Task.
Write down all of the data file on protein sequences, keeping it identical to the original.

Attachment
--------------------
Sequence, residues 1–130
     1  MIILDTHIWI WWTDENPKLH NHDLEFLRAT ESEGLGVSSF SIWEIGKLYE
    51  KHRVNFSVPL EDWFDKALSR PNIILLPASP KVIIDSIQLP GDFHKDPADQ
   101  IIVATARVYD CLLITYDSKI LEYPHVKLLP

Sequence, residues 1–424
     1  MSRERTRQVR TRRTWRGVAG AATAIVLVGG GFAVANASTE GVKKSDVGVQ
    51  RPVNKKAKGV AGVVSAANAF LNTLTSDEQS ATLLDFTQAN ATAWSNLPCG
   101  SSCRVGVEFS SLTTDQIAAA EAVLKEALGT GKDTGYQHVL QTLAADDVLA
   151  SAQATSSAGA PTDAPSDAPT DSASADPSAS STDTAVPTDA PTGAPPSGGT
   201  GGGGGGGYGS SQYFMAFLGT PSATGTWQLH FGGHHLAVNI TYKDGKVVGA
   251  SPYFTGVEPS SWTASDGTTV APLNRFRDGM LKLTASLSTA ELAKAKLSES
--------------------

Sequence, residues 1–130
     1  MIILDTHIWI WWTDENPKLH NHDLEFLRAT ESEGLGVSSF SIWEIGKLYE
    51  KHRVNFSVPL EDWFDKALSR PNIILLPASP KVIIDSIQLP GDFHKDPADQ
   101  IIVATARVYD CLLITYDSKI LEYPHVKLLP

Sequence, residues 1–424
     1  MSRERTRQVR TRRTWRGVAG AATAIVLVGG GFAVANASTE GVKKSDVGVQ
    51  RPVNKKAKGV AGVVSAANAF LNTLTSDEQS ATLLDFTQAN ATAWSNLPCG
   101  SSCRVGVEFS SLTTDQIAAA EAVLKEALGT GKDTGYQHVL QTLAADDVLA
   151  SAQATSSAGA PTDAPSDAPT DSASADPSAS STDTAVPTDA PTGAPPSGGT
   201  GGGGGGGYGS SQYFMAFLGT PSATGTWQLH FGGHHLAVNI TYKDGKVVGA
   251  SPYFTGVEPS SWTASDGTTV APLNRFRDGM LKLTASLSTA ELAKAKLSES